Independence Day features Will Smith at his most likable in the role of Captain Steven Hiller. He's a brave, badass Marine Corps pilot who helps save the world from a hostile alien invasion. He punches out aliens, he successfully flies alien spaceships into the belly of the beast and, perhaps bravest of all, he marries a stripper. Hell, he's even a super good dad to her son. Also, he cleans up nice, and he's done more to cement black/Jewish relations than Sammy Davis Jr. Just look at the lovely team he and Jeff Goldblum made. And in a film directed by a German, no less. Just think, only 60 years earlier, Germans were writing stories about the Jews bringing blacks out of Africa for the sole purposes of bastardizing the master race, and now they're working hand in hand to save the world.
How was this not adapted into a TV show starring Ron Silver and Bill Bellamy?
So why is Independence Day second on the list of how black characters are portrayed? It's only because I can argue that our number one universe is just that much more awesome.
First place goes to Star Trek, for a one, two, three punch of incredibly admirable black characters. Unless Spike Lee produces a series entitled MLK and the Freedom Fighters in Outer Space before this goes to print, I defy you to find another sci-fi universe where black characters are portrayed more favorably. (Quick note: Although later series generally cast black actors in the roles of Klingons, they don't count because, y'know, they're Klingons.)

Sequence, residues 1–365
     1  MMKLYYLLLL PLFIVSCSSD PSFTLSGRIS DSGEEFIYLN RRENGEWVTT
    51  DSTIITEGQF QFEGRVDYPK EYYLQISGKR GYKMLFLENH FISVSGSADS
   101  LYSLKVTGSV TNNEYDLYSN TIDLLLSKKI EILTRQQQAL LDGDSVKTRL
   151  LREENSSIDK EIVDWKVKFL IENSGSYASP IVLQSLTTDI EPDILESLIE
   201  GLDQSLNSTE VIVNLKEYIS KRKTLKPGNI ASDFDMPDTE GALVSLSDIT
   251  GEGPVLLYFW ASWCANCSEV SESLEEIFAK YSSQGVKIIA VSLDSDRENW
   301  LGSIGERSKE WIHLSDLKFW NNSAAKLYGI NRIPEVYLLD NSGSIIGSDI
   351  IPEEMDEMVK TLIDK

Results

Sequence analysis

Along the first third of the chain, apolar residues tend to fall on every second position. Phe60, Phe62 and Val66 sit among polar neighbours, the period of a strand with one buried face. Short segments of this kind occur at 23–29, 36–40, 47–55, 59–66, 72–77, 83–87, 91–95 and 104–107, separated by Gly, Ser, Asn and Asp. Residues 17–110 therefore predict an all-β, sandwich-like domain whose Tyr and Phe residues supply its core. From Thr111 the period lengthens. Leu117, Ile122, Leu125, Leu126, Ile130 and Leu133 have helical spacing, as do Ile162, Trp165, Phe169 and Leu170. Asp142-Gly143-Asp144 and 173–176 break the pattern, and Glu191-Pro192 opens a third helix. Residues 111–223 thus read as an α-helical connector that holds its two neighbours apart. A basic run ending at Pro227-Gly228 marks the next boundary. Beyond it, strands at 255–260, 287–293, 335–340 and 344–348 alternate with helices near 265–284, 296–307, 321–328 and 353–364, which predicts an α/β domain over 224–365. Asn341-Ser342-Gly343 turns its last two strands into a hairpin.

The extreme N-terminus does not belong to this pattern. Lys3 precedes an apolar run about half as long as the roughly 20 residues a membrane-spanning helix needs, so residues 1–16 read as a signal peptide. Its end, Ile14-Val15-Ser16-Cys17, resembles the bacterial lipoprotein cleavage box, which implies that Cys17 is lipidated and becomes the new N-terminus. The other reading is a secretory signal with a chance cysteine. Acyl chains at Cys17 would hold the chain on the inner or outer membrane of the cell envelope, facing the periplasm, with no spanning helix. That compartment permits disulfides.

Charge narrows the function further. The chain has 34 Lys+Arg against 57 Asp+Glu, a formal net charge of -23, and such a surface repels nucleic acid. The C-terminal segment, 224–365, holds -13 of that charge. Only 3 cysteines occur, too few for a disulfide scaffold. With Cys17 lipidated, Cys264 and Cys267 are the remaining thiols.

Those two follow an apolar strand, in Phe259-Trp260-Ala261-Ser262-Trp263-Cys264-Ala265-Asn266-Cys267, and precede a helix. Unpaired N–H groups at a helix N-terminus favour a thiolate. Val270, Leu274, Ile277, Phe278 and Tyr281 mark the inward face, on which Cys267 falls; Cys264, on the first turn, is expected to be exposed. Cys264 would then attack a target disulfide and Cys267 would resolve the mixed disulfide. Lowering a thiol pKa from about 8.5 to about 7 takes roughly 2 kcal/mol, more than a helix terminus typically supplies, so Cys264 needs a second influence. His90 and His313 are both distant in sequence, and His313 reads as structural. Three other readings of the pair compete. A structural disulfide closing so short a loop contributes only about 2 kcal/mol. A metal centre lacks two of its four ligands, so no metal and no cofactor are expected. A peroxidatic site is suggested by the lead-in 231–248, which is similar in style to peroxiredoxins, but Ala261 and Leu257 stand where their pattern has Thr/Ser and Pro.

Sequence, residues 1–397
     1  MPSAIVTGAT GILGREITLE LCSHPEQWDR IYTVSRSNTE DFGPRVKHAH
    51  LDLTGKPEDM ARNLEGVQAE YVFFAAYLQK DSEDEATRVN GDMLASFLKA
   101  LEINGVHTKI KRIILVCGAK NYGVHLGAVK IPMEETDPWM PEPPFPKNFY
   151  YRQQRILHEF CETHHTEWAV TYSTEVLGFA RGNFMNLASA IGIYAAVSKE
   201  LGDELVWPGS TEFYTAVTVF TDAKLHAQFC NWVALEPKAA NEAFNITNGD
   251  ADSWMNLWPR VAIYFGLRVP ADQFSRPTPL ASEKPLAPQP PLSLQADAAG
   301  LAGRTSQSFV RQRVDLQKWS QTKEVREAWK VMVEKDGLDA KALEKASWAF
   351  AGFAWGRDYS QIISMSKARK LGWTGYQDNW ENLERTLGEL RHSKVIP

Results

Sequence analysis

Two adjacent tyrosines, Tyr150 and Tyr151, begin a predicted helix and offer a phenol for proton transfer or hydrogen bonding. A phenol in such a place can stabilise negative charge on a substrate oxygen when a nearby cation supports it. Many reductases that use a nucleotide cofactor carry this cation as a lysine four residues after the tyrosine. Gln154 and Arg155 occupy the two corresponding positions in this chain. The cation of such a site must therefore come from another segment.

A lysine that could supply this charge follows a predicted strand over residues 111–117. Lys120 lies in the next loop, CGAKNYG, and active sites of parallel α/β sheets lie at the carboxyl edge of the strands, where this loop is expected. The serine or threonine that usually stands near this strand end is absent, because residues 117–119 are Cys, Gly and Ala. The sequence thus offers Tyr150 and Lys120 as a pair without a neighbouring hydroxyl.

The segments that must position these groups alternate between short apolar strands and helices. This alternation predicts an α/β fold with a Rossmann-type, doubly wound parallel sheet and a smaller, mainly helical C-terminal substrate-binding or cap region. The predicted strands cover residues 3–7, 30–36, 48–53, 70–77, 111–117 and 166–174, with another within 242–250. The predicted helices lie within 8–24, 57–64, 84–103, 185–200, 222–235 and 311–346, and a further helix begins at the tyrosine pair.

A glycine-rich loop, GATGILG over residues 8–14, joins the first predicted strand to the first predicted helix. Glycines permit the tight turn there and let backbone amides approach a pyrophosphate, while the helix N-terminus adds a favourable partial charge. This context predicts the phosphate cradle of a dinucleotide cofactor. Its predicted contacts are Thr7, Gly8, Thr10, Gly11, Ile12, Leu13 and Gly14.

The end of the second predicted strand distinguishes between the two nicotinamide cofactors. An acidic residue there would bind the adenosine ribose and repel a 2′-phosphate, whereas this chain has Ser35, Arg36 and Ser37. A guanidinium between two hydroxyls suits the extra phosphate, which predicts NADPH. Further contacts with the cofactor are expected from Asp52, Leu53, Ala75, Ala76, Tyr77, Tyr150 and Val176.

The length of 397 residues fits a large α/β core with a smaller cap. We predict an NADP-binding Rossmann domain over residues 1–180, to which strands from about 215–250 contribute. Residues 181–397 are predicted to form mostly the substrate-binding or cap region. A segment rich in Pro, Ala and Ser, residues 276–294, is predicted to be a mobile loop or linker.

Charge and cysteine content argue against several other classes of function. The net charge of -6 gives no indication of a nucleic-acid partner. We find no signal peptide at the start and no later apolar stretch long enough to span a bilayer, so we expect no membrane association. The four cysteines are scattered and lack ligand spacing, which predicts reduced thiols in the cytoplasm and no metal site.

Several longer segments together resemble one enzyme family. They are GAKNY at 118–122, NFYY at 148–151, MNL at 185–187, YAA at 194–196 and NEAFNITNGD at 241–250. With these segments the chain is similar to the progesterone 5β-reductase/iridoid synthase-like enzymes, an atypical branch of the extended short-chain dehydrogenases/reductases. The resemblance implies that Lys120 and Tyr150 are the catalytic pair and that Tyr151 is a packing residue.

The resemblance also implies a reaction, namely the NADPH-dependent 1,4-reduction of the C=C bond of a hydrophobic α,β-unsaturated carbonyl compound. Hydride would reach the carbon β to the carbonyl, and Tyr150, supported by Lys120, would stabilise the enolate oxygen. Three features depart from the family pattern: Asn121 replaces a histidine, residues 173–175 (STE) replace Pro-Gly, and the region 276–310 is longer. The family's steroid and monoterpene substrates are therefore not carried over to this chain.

It all started with the lovely and talented Nichelle Nichols, who was the epitome of cocksure military professionalism as Lieutenant Uhura on the original Star Trek. Playing a black woman in a short skirt and knee boots in the mid-'60s was ripe with challenges, but no one could question her professionalism -- she was always more serious and efficient on the bridge than anyone besides Spock. But then off-duty, she could kick back and sing songs in the cafeteria (or do a naked feather dance on another planet, as in Star Trek V).
At the Edmonton Expo, I asked Nichols to do the feather dance. According to the security guards who beat me unconscious,
she thought it was a pretty good joke.
Then came The Next Generation and Geordi La Forge. I can't talk about him too long, because Internet law requires one Reading Rainbow joke for every 50 words about LeVar Burton, and I think we'd all like to avoid that. But it's fair to say that Geordi had all of Uhura's grace, morality and professionalism, and he did it all while wearing a banana clip over his eyes.
And finally, securing Star Trek as the universe that most favorably portrayed black characters, there's Deep Space Nine's Benjamin Sisko. About the worst thing you can say about Sisko was that he was really stiff and dull, but that was before the shaved head and goatee. Then he was a badass captain with edge. Sure, he hated Picard for leading an attack that killed Sisko's wife (when Picard was part Borg), but that's understandable, right? It's hard to find any fault with Sisko: a sexy, Creole-loving outer space badass from New Orleans.
"I will physically murder you with my mere stare while cooking the tastiest jambalaya ever."
Uhura plus La Forge plus Sisko make a tower of black awesomeness even more impressive than the 2001 monolith. Unbeatable.
Watch the season finale of HATE BY NUMBERS. Also, be sure to follow Gladstone on Twitter and stay up-to-date on the latest regarding Notes from the Internet Apocalypse. And then there's his website and Tumblr, too.
For more Gladstone, check out 5 Famously Terrible Movies (That Actually Don't Suck) and 4 Great Love Stories in Movies for Guys.